Nj.com’s recent article entitled “My brother died of COVID-19. Should his ex-wife get an inheritance?” says that it’s unlikely that an ex-wife is entitled to any of her former husband’s assets.
There are three main ways property can transfer at death. They each have different rules.
Joint assets. When property is held as Joint Tenants with Rights of Survivorship (JTWROS), the surviving joint owner (if there are two owners) automatically becomes the sole owner of the property. Usually, jointly owned property is retitled into individually owned property after the divorce. If this was never done, some states (such as New Jersey) automatically change JTWROS property to a different form of joint ownership, called tenancy in common when a divorce is finalized. As a result, with tenants in common property, when one owner dies, his or her 50% ownership interest becomes a probate asset and passes pursuant to his or her will (or the state’s intestacy laws, if they didn’t have a will).
This means that even if the husband in this scenario still owned JTWROS property with his ex-wife when he passed away, she wouldn’t automatically inherit his share. She still has her own 50% share that she owned all along.
Property can also pass by beneficiary designation, like with life insurance or retirement accounts.
Beneficiary designations are typically updated after a divorce. However, again, ask an experienced estate planning attorney about your state laws. For example, New Jersey law revokes a divorced spouse as beneficiary, even if the beneficiary designation was never updated.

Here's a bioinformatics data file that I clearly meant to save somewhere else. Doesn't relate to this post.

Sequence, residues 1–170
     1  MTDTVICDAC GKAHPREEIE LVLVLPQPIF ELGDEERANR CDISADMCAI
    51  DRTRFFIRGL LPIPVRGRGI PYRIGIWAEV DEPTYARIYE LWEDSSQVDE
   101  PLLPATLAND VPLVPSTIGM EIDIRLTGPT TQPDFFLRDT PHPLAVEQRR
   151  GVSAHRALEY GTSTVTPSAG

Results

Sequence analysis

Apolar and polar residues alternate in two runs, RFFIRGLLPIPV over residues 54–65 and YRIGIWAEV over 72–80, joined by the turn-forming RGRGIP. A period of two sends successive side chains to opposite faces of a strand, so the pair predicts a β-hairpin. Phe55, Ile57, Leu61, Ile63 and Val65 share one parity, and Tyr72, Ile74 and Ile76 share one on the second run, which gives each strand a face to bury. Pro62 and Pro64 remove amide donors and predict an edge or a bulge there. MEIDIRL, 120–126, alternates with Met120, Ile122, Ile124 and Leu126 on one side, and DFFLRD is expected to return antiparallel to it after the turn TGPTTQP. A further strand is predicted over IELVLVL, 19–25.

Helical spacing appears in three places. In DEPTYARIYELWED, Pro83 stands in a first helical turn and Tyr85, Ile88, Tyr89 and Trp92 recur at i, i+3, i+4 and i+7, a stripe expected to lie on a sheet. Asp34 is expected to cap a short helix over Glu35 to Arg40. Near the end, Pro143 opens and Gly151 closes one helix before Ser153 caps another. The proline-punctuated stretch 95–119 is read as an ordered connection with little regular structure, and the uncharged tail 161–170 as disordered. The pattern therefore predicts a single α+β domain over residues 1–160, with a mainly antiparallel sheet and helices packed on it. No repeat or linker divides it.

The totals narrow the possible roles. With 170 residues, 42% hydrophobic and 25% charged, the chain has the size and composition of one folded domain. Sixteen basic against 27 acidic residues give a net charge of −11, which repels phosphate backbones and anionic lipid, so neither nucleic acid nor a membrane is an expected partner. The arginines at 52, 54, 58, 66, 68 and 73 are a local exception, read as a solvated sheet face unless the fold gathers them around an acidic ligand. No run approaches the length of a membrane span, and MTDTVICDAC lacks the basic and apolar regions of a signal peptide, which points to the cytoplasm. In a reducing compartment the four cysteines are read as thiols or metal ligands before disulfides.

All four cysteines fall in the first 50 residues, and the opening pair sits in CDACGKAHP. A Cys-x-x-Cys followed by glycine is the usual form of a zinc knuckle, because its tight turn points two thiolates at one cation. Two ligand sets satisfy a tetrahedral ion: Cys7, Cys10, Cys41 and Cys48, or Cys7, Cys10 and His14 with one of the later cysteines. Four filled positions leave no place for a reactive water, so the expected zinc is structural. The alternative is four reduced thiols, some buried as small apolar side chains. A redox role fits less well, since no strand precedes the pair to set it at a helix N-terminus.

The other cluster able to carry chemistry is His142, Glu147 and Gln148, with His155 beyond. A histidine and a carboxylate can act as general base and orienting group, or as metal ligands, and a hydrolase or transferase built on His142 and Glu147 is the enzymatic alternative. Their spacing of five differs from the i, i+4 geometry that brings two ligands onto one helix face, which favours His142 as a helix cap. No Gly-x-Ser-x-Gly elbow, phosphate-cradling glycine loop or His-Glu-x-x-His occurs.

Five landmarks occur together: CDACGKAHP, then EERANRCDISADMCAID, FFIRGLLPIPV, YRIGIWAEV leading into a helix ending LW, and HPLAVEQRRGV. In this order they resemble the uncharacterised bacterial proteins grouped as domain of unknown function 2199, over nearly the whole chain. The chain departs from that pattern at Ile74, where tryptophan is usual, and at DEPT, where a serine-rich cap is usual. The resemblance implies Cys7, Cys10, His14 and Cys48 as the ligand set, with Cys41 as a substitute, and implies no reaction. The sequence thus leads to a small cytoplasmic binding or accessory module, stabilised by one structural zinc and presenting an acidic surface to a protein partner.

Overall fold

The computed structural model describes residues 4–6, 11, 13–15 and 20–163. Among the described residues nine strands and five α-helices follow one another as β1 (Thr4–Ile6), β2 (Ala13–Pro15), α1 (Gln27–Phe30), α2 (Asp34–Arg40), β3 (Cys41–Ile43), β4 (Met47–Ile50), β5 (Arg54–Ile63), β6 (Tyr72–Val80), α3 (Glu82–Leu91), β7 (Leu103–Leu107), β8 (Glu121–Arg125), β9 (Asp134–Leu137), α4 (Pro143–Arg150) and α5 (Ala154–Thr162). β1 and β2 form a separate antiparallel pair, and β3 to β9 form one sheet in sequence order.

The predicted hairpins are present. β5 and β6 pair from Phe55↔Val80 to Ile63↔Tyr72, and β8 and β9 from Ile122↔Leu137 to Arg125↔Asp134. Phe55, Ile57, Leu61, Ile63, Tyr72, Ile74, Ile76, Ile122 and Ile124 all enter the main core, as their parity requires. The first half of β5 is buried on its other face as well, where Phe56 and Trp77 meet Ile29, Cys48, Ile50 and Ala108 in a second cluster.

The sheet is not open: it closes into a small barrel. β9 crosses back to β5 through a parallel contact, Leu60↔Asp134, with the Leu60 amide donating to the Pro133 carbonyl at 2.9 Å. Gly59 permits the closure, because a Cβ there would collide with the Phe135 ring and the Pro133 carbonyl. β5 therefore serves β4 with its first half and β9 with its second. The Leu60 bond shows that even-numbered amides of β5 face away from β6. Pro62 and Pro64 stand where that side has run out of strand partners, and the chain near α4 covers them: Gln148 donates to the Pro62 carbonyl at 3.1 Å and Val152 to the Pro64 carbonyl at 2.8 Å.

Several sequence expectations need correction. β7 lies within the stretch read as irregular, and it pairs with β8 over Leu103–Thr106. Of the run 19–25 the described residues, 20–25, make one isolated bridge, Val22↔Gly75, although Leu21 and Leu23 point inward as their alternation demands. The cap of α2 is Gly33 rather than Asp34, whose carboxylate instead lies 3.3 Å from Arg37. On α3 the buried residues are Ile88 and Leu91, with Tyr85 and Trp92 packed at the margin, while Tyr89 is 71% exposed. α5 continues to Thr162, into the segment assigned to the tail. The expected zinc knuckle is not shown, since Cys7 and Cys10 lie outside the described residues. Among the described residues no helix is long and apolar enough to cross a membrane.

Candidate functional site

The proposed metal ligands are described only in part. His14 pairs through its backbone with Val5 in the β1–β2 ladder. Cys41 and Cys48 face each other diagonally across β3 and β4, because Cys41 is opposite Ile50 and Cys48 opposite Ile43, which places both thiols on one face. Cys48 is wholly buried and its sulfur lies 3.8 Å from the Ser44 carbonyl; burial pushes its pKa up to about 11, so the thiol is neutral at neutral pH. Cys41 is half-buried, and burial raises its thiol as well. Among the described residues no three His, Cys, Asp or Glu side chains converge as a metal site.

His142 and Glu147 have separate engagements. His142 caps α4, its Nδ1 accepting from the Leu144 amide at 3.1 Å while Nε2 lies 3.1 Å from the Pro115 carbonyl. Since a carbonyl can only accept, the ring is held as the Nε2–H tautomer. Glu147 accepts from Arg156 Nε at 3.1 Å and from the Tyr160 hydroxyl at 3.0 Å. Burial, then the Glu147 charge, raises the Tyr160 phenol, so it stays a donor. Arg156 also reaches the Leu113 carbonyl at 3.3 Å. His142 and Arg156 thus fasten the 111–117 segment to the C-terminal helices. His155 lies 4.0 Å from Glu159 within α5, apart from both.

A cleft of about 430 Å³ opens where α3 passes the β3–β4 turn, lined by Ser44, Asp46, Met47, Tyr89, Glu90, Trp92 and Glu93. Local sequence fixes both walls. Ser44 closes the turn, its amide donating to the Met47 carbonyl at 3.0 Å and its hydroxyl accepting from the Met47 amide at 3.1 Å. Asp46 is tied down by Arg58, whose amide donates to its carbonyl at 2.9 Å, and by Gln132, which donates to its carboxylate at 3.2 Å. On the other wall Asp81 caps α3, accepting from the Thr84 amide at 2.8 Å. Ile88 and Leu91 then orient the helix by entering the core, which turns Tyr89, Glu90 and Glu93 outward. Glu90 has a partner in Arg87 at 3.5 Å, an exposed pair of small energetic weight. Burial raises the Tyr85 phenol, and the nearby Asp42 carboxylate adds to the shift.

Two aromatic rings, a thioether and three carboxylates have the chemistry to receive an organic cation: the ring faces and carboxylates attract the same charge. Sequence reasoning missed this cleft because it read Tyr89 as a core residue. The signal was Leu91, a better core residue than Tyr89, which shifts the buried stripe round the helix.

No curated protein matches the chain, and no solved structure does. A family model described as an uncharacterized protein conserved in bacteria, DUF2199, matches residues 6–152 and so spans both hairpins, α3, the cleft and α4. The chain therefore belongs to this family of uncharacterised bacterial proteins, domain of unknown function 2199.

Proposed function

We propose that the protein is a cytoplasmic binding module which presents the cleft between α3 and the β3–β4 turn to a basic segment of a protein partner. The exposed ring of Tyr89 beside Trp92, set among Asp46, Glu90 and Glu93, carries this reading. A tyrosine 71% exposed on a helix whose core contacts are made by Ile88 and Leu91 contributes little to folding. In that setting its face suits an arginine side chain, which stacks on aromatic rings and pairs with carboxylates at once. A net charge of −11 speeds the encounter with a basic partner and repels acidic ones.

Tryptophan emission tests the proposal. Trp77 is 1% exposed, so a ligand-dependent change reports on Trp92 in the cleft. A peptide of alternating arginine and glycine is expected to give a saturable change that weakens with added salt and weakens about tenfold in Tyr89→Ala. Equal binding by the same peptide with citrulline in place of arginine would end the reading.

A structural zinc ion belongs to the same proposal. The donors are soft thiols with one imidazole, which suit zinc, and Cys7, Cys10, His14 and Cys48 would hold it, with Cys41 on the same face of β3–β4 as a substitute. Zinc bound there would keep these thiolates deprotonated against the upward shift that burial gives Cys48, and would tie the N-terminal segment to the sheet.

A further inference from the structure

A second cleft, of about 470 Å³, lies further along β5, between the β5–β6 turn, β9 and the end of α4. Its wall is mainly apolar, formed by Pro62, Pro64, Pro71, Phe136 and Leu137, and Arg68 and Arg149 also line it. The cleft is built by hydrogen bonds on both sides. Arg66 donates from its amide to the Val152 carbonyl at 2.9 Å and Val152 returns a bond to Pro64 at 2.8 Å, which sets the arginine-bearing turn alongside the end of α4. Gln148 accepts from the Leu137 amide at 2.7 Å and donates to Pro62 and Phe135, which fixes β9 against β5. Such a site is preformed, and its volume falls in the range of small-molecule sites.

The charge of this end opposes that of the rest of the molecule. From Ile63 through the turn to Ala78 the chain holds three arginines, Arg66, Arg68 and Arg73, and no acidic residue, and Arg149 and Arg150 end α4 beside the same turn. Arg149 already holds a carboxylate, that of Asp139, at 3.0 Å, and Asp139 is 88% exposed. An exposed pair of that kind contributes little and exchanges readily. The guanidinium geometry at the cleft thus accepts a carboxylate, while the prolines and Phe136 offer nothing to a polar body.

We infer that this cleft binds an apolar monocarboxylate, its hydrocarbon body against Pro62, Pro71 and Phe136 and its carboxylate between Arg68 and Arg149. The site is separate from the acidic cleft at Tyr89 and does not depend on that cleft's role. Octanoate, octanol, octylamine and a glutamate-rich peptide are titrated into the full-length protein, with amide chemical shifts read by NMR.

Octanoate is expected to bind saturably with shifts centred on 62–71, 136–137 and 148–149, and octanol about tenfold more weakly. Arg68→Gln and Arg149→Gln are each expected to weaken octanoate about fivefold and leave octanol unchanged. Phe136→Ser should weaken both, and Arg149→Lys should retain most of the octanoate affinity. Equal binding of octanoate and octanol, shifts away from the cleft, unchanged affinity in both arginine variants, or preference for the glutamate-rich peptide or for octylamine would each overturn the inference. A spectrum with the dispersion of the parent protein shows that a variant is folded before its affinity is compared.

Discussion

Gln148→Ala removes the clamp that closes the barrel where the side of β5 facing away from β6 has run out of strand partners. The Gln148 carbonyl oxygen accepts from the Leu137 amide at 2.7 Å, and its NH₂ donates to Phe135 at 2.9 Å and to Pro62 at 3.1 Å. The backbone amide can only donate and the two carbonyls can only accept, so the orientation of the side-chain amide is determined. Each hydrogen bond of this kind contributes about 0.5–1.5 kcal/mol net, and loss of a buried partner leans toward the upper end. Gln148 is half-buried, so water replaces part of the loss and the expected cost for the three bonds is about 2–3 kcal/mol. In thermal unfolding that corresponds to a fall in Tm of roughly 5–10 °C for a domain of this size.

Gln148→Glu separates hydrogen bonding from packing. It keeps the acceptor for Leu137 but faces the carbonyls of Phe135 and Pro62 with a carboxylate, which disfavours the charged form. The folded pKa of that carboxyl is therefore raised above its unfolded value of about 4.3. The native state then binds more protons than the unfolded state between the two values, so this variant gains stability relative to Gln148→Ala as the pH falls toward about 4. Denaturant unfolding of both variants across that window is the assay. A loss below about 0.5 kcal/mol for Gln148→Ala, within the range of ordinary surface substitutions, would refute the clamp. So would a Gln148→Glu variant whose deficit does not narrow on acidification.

In this situation, even the husband named his wife as a beneficiary on an insurance policy or retirement accounts and never changed it, she wouldn’t be able to collect.
Finally, the third way that property can pass, is through the probate process. This means there’s a will. If there was no will, it would be pursuant to the state’s intestacy laws.
An ex-spouse is never entitled to inherit property under state intestate statutes.
There are two important caveats for these rules. One is that they can be superseded by a divorce decree. Therefore, review the divorce decree to see whether it has any relevant language. The rules also apply to ownership, beneficiary designations or wills that arose during the marriage. Anything that happened after the marriage would not be affected by the divorce.
For more information about estate planning in Orlando, FL (and throughout the rest of Central Florida), visit our estate planning website and be sure to subscribe to our complimentary estate planning e-newsletter while you are there.
Reference: nj.com (Aug. 4, 2020) “My brother died of COVID-19. Should his ex-wife get an inheritance?”
Suggested Key Terms: Estate Planning Lawyer, Wills, Intestacy, Probate Court, Inheritance, Asset Protection, Beneficiary Designations, Life Insurance, IRA, 401(k), Pension, Tenancy in Common, Joint Tenancy